Improving recycling centres and improving recycling rates

Greater Manchester has improved its recycling rates to over 50 per cent by making improvements at household waste recycling centres

Recent figures have revealed that Greater Manchester is one of best performing city-regions in the country with household recycling rates rising to over 50 per cent. The national average in England is 44 per cent.
    
For 2021/22, the landfill diversion rate is 98.4 per cent, meaning that only 1.6 per cent of waste collected from 1 million households across the nine boroughs of Greater Manchester was sent to landfill.
    
The majority of waste that cannot be recycled is burned to generate electricity.
    
Greater Manchester has attributed the improved recycling rates to improved recycling facilities across the 20 household waste recycling centres operated by SUEZ recycling and recovery UK.
    
Some of the improvements include new containers for mattresses, carpets, and hard plastics as well as containers where household items can be donated for reuse.

Renew shops
Three of the recycling centres also now have shops where people can buy pre-used items that otherwise would have gone to waste. The Renew shops can be found at the recycling centres at Boysnope Wharf in Irlam, Arkwright Street in Oldham and Woodhouse Lane in Trafford.
    
The money generated at the shops is fed into Greater Manchester Mayor’s Charity (£100,000pa) and the Recycle for Greater Manchester Community Fund. The fund makes £220,000 available for community groups, charities and schools for projects which help prevent, reuse, or recycle household waste.
    
The recycling centres are open every day from 8am to 8pm (during British Summer Time), meaning they are easily accessible for local residents.

Street sweepings
Local authorities are now also able to recycle street sweepings. At a new SUEZ plant in Ashton-under-Lyne, Tameside, 90 per of the grit, soil, stones, leaves, twigs, and other debris swept from the roads is cleaned, separated, and recycled through a specialist, hi-tech mechanical sorting process. Any organic matter is extracted and transferred to other processing facilities to be turned into compost and sand and aggregates that can then be used by the construction industry.
    
More of the recycling is also being done locally in local recycling outlets, reducing the reliance on overseas markets. All the paper and card that is being collected in wheelie bins and at the recycling centre is taken to a paper mill in Trafford, where it is recycled into more paper and card.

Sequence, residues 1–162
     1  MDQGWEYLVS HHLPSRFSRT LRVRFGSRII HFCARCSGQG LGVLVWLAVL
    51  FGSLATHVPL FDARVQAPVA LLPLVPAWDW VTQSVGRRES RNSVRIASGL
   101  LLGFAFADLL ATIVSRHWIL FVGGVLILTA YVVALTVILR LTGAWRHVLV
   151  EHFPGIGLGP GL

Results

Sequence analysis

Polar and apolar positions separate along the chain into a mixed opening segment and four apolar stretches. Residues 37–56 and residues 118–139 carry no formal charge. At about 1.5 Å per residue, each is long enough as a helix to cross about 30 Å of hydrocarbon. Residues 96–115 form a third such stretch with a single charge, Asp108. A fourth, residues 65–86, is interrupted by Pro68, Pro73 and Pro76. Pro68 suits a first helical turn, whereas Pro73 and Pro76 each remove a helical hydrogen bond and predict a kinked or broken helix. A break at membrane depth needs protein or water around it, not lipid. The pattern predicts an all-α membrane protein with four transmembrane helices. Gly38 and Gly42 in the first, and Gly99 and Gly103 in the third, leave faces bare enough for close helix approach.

David Taylor, executive director of waste and resources at GMCA said, “SUEZ has
made many improvements to the way household waste recycling centres are run since they were awarded the Greater Manchester waste and resources contracts in 2019, and I’m pleased to see that residents have embraced the changes and are recycling more and more.”
    
“We are giving residents new opportunities to recycle, which has benefitted our recycling rates but also has wider benefits for the city-region. Just one example is our new process to recycle mattresses from the recycling centres. Mattresses can now be broken down into 19 different component parts that can be used again, and this new process has helped to create over 25 new jobs in the city region.”
    
Dan Carolan, SUEZ contract director for Greater Manchester said: “We’re pleased to see that the improvements we’ve made at recycling centres have helped to increase the recycling rate in Greater Manchester. We’re always looking at ways to improve our processes and make it as easy as possible for people to recycle.
    
“Collectively we should all try to consume less, which in turn reduces the amount of stuff we have to create waste from. The next best thing is to donate unwanted items for reuse and to buy used goods, to give them a second life. Once waste has been created, we recycle as much of it as possible, which helps conserve resources, reduce greenhouse gas emissions, and promote a circular economy which benefits everyone.”
    
The simple changes made in Manchester show that change is possible. It is hoped other local authorities and waste management providers around the country can make similar changes and therefore similar improvements in recycling rates and reduction in the waste being sent to landfill.

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